Background: Since 2004, 6 months (m) of oxaliplatin (oxali)-based treatment has been the standard of care as adjuv therapy for stage III CC. As oxali is associated with cumulative neurotoxicity, a shorter duration of adjuv therapy could spare pts toxicity and lead to substantial saving in health expenditures.
Methods: A prospective, pre-planned pooled analysis of 6 concurrently conducted randomized phase 3 trials (SCOT, TOSCA, Alliance/SWOG 80702, IDEA France, ACHIEVE, HORG) was performed to evaluate the non-inferiority (NI) of 3m compared with 6m (ref) of adj FOLFOX/CAPOX. The primary endpoint was disease-free survival (DFS), defined as time from enrolment to relapse, 2nd CRC, and death (all causes). NI was to be declared if the 2-sided 95% confidence interval (CI) for DFS Hazard Ratio (HR 3m v 6m) estimated by a stratified Cox model was below 1.12. NI was examined within regimen and stage subgroups as pre-planned.
Results: The analysis included 12,834 pts from 12 countries, accrued 6/07-12/15. After 3263 (of 3390 expected) DFS events NI for the shorter duration of therapy could not be confirmed for the overall study population (HR 1.07, 95%CI 1.00-1.15). NI of 3m v 6m was seen for CAPOX (HR 0.95, 95%CI 0.85-1.06; whereas 3m of FOLFOX was inferior to 6m (HR 1.16, 95%CI 1.06-1.26). Pts treated with CAPOX (vs FOLFOX) had a higher rate of T4 CC (24.3% vs 18.6%, p<0.001), but no significant differences were seen in N-stage, gender, or number of LNs examined. Significant differences were seen in age and PS (1/2), albeit small. The overall NI results were independent of age (<70, ≥70) and gender.
Conclusions: The IDEA results provide the basis for individual adjustments of adj treatment duration based on risk of recurrence, pt preference, toxicity and the chemotherapy regimen used. Further analyses are warranted to explain the different performance of CAPOX and FOLFOX with regard to the NI question.
Clinical trial identification: NCT00749450 (SCOT); NCT00646607 (TOSCA); NCT01150045 (CALGB/SWOG 80702); NCT00958737 (IDEA France); NCT01308086 (HORG); UMIN-CTR Clinical Trial Identifier: UMIN000008543 (ACHIEVE)
Legal entity responsible for the study: Mayo Clinic
Funding: Mayo Clinic, U10CA180821, U10CA180835, U10CA180882, U10CA180888, U10CA180835, INCA, PHRC2009, EME 09/800/34, HTA 14/140/84, CRUK C1348/A15960, JFMC
Disclosure: All authors have declared no conflicts of interest.
Keywords: colon cancer, adjuvant therapy, oxaliplatin
Updated results of the SCOT study: An International Phase III Randomised (1:1) Non-inferiority Trial Comparing 3 versus 6 months of oxaliplatin based adjuvant chemotherapy for colorectal cancer
T. Iveson1, R. Kerr2, M. Saunders3, N. Hollander4, J. Tabernero5, A. Haydon6, B. Glimelius7, A. Harkin8, C. Scudder9, K. Boyd8, A. Waterston10, L. Medley11, C. Wilson12, R. Ellis13, S. Essapen14, A. Dhadda15, M. Harrison16, S. Falk17, S. Abdel-Raouf18, J. Paul19
1Dept of Medical Oncology, University Hospital Southampton, Southampton, UK, 2Oncology, Churchill Hospital University of Oxford, Oxford, UK, 3Oncology, The Christie NHS Foundation Trust, Manchester, UK, 4Oncology, Sygehus Syd Naestved, Naestved, Denmark, 5Medical Oncology, Vall d’Hebrón Institut d’Oncologia (VHIO), Barcelona, Spain, 6Medical Oncology, Alfred Health, Melbourne, Australia, 7Immunology, Genetics and Pathology, University Hospital, Uppsala, Sweden, 8CRUK CTU, University of Glasgow, Glasgow, UK, 9Oncology, University of Oxford, Oxford, UK, 10Medical Oncology, Beatson West of Scotland Cancer Centre, Glasgow, UK, 11Oncology, Dr. Louise Medley, London, UK, 12Cambridge Breast Unit, Addenbrooke's Hospital, Cambridge, UK, 13Oncology, Royal Cornwall Hospital, Truro, UK, 14Oncology, Royal Surrey County Hospital St Luke's Cancer Centre, Guildford, UK, 15Oncology, Castle Hill Hospital, Cottingham, UK, 16Oncology, Mount Vernon Hospital, Middlesex, UK, 17Oncology, Bristol Haematology and Oncology Centre, Bristol, UK, 18Oncology, Queen's Hospital, Essex, UK, 19Cancer Research UK Clinical Trials Unit, Institute of Cancer Sciences, University of Glasgow, Glasgow, UK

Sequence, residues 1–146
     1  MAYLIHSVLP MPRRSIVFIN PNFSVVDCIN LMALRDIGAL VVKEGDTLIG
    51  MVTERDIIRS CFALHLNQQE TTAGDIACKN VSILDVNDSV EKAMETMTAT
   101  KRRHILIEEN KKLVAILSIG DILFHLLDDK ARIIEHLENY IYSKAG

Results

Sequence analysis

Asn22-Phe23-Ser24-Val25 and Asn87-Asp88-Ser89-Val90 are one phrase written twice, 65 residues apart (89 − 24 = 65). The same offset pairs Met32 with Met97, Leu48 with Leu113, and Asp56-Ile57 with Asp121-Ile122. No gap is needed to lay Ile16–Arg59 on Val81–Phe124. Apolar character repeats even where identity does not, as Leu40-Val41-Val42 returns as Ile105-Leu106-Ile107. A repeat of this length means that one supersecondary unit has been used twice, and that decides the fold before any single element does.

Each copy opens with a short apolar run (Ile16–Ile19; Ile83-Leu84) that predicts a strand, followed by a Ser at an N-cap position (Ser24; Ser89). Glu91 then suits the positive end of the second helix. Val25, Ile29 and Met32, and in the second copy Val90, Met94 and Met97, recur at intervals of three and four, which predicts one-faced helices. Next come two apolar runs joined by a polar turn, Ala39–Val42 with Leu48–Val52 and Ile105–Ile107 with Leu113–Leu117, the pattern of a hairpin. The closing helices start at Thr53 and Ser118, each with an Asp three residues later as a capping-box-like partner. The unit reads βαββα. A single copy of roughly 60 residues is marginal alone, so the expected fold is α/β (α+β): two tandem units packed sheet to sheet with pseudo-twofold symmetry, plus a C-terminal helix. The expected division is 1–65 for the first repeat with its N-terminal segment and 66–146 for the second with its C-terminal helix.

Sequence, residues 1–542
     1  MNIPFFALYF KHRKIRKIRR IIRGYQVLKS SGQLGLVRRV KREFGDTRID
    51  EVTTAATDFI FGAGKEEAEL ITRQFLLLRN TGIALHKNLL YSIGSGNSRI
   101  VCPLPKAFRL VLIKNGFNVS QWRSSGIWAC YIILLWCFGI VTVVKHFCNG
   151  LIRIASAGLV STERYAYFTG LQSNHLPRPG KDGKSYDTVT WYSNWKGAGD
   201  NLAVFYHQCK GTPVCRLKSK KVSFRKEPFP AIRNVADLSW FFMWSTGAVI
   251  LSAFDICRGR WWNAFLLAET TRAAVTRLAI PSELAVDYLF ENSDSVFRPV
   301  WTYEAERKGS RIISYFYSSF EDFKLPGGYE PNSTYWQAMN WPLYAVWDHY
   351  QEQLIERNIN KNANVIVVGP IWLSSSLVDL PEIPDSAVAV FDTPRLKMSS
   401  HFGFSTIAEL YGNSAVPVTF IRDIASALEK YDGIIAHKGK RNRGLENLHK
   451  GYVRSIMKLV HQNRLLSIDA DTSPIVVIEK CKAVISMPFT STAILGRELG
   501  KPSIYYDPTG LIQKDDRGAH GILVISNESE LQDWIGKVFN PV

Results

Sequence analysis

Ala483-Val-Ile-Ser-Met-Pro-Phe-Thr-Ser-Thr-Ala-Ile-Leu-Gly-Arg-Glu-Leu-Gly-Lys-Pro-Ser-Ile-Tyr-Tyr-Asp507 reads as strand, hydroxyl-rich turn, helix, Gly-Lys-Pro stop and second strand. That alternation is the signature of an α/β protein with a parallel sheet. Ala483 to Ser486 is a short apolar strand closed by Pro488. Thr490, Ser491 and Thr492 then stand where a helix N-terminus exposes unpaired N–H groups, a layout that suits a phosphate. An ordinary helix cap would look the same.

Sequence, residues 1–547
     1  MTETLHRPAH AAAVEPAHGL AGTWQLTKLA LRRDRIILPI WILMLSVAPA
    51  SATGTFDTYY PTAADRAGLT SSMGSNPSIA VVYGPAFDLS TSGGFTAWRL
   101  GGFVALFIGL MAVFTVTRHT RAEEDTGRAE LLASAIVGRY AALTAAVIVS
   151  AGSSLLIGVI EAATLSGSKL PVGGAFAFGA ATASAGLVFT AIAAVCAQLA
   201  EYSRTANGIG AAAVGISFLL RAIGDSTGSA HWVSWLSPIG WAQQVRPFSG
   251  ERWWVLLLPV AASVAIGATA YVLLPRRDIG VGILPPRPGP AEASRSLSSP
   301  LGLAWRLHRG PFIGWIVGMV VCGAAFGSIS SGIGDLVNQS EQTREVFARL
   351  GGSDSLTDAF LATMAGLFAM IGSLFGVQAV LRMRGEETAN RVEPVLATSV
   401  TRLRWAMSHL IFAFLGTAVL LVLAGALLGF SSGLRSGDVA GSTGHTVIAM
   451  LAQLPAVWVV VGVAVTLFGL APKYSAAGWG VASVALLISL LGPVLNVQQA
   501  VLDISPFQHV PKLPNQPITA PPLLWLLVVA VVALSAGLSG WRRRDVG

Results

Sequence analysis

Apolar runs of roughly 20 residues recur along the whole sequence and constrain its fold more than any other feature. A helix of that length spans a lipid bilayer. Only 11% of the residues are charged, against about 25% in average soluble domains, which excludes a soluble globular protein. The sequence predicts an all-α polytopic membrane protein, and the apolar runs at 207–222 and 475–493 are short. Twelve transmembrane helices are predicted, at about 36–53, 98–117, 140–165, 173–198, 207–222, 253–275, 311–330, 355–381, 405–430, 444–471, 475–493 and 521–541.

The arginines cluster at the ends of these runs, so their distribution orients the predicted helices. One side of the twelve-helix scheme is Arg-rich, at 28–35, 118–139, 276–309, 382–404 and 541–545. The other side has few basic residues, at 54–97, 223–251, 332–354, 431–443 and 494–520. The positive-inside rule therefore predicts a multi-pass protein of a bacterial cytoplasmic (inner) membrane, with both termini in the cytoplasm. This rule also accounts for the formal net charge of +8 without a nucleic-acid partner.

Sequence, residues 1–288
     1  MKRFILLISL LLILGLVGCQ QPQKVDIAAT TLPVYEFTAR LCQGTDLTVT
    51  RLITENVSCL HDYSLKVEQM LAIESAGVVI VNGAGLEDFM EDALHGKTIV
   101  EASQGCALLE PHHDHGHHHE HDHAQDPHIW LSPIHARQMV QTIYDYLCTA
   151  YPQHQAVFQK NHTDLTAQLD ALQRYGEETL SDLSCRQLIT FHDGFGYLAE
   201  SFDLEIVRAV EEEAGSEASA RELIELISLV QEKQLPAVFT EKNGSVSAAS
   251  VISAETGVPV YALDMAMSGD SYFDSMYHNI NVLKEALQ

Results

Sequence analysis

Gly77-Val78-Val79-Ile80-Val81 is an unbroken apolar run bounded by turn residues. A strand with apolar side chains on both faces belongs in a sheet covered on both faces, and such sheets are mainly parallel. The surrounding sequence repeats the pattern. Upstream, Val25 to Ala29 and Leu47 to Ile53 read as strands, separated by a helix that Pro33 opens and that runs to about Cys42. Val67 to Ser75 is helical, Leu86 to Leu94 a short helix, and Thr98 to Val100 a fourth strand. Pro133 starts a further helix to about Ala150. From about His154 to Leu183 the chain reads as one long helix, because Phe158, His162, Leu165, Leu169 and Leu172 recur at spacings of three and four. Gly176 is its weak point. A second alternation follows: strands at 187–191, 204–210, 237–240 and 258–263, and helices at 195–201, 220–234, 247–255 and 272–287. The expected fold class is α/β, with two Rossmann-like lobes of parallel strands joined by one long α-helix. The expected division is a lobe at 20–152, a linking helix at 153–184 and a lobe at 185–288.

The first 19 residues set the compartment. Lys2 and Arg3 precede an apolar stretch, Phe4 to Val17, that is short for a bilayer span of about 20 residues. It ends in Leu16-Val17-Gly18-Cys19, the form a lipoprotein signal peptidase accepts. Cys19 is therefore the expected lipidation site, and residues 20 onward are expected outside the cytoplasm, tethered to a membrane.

Background: Results presented at ASCO 2017 gave conflicting results as to whether 3 months adjuvant chemotherapy was non-inferior to 6 months treatment. The effect of treatment duration on DFS appeared to depend on the chemotherapy regimen (Capox or FOLFOX) chosen and on risk group (high-risk [T4 or N2] vs low-risk [T1-3 N1]) stage lll disease.
Methods: SCOT is a non-inferiority randomised study designed to determine whether 3 months of adjuvant chemotherapy with FOLFOX or Capox (physician/patient choice) in Stage lll/high risk Stage ll colorectal cancer is as effective as 6 months treatment. Non-inferiority was determined to be a maximum 2.5% fall in 3-year disease-free survival (DFS) on the 3 month arm (from 78% on the 6 month arm). The study was designed with 90% power at the 2.5% L-sided level of statistical significance and aimed to recruit 9500 patients to observe 2,750 DFS events (relapses/deaths/new colorectal cancers).